In early days of Robert Shiller's career, he made a discovery that would eventually win him a Nobel Prize. He found that stock prices bounced around too wildly to be explained by standard theories. This has been labeled the “excess volatility puzzle,” and financial economists have written countless papers trying to explain it. But now, excess volatility provides a clue to a possible problem with some of the forecasts we’re seeing in the presidential race.
Excess volatility means that a forecast is more volatile than the thing it’s predicting.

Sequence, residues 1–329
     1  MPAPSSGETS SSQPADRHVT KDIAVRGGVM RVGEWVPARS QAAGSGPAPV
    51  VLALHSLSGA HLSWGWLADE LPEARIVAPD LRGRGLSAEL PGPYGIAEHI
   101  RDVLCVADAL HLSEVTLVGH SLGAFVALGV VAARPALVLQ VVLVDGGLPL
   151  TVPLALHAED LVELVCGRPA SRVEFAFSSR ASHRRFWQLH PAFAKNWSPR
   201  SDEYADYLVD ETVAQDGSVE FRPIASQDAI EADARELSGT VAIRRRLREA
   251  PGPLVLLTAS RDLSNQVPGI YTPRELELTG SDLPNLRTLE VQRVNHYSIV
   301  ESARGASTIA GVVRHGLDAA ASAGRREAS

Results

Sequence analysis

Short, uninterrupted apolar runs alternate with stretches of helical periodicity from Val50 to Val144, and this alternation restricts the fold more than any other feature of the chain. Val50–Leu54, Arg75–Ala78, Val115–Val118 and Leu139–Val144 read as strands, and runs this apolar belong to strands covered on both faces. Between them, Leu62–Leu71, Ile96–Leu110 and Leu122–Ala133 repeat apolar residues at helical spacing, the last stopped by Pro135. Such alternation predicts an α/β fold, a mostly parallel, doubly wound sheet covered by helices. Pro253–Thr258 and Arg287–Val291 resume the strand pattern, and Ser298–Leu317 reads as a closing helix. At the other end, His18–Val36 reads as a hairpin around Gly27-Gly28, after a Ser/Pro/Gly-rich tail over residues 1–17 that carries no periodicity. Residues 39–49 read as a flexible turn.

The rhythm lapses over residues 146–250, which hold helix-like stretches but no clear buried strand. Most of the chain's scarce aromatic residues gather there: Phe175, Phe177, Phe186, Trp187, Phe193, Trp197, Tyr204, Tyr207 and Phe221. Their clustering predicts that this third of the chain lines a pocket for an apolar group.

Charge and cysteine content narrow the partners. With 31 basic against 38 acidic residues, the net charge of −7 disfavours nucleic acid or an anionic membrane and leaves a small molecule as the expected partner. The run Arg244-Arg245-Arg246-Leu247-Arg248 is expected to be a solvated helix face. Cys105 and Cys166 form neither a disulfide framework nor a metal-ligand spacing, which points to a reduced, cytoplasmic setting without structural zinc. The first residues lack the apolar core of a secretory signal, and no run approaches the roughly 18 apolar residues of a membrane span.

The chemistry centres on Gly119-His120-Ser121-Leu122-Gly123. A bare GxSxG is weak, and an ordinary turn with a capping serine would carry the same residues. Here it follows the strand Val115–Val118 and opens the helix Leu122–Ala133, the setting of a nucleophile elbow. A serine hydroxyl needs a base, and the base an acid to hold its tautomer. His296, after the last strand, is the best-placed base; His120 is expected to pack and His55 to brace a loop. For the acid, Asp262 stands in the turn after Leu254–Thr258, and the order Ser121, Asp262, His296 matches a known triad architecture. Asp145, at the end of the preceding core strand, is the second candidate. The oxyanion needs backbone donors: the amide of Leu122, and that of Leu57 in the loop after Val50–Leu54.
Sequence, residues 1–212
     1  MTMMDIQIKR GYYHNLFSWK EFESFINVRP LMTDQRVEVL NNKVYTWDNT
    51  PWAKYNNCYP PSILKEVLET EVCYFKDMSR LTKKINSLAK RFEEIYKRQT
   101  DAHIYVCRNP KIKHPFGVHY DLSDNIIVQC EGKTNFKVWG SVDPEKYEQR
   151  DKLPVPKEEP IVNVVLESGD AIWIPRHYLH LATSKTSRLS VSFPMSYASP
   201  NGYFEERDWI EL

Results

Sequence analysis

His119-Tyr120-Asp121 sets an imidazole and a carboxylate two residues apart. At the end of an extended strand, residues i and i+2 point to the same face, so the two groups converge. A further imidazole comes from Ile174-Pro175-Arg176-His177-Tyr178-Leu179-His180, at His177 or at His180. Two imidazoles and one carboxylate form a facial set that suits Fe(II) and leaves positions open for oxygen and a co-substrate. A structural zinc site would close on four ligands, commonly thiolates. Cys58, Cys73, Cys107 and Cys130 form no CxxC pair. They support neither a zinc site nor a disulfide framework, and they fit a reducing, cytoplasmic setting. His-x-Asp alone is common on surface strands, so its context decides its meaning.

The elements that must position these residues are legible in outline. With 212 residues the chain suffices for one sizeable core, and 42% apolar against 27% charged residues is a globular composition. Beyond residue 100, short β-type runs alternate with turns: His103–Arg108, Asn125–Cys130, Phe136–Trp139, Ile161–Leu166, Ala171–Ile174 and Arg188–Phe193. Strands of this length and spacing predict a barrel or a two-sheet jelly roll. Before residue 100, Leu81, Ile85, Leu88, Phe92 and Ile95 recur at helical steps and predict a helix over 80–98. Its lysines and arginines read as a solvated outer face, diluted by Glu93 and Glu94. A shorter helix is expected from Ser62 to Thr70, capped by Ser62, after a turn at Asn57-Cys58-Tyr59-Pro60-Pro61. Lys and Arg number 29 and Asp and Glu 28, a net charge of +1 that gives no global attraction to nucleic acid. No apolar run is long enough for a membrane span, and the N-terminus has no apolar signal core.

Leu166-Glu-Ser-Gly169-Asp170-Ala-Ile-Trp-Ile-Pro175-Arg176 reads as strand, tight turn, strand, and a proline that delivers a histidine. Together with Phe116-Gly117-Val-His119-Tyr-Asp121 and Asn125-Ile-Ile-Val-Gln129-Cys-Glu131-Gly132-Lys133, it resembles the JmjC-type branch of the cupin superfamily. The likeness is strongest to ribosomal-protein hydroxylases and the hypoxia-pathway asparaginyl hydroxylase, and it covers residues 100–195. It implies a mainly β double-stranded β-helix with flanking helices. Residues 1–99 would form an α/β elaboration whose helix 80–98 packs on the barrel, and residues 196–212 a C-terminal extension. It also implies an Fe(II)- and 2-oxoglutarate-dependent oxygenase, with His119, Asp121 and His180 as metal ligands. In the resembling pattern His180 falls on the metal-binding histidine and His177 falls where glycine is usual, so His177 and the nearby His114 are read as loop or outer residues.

That’s why Shiller’s excess volatility puzzle showed that the stock market probably isn’t efficient. If stock prices have excess volatility, then unusually high prices today imply that stocks are too expensive and are more likely to fall than rise. In fact, that’s exactly the principle that drives Shiller’s cyclically adjusted price-to-earnings ratio, or CAPE -- a popular measure of how expensive or cheap stocks are. Because stocks are more volatile than prices, CAPE generally tends to revert to the mean. This won’t tell you exactly what stocks will do tomorrow or next week, but they offer the promise of a little bit of predictability in an otherwise ineffable market.